29. Thank you so much for this. When I was going through dark times I read the book of Job and I could relate to it so much and it helped me work through everything and understand God and understand my own pain.

  30. This is amazing!!! Changed my life because after 35 yrs, I had so many questions. The answer is just,… trust! Shocked when my wife said, "did you ever notice that God never specifically answers why he [Job], is suffering?" You dont nees to know why. Just trust! I know when he delivers me, I dont need the math on why he delivered me. Amen that he did. Just… trust.

  31. My favorite video while using my bible project is the second video you did on Job. Is that video on YouTube? I cannot find it. Thanks! Love the app!!

  32. Whenever he said "the friends", the sitcom theme song started in my head…
    Thanks for the comorehensive overview of the structure!

  33. It's a bit like a parent taking their child to the doctor.

    The child thinks the parent is being mean because doctors are scary and shots hurt, but the child doesn't have the understanding of why he or she is being put through the suffering.

  34. I think the Behemoth and Leviathan were Dinosaurs and I believe that they existed up til the flood. And the Leviathan and other sea creatures from back then lasted even longer may even still exist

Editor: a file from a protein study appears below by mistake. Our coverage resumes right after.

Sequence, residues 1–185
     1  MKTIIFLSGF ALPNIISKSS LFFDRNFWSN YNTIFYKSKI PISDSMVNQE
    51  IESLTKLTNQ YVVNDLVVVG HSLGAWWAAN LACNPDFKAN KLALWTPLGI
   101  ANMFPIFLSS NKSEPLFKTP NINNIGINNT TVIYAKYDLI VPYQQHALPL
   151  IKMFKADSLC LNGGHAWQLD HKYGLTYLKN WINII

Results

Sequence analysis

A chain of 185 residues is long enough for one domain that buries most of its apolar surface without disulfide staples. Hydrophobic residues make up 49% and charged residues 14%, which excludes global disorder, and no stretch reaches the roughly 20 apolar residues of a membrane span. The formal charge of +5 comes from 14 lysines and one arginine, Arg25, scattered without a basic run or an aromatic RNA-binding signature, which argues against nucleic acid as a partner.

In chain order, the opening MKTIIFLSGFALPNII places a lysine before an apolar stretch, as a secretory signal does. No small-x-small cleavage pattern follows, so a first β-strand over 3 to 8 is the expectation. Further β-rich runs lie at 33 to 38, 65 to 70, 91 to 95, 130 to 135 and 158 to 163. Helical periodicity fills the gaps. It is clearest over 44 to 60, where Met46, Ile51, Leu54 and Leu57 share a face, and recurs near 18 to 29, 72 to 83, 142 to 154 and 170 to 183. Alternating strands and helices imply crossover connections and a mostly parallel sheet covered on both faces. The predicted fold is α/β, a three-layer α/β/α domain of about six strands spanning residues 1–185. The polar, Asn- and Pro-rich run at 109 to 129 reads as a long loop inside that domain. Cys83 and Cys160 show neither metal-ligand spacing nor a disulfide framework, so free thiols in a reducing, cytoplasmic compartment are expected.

35. This is the best explanations I saw! Such a complex topic but translated to a simple way of understanding. Thank you The Bible Project Team!!!

  36. hasatan never infected Job's mouth so he could curse the Most High as he predicted he would, and he never did. That is why Job was Blessed with twice of that taken from him.

  37. I have been going through some things (don't we all at some points in life), so I thought it would be enlightening to study Job to see how he deals with suffering & what God said to him… Interestingly my pastor mentioned (I was watching one of his old video sermons) that the (possible) reason for Job's suffering is that even when things were good he always harboured fear (at the back of his mind) & when you have fear & doubts it gives Satan/devils a door way/chance to mess with you. So I'm Starting to think this 'Satan' /accuser in Job worked against Job on that basis. Job had always feared he would one day lose everything & his fears became a reality (if you read the part were calamity first struck Job himself says: "For the thing which I greatly fear comes upon me, And that of which I am afraid has come upon me.

    " — Job 3:25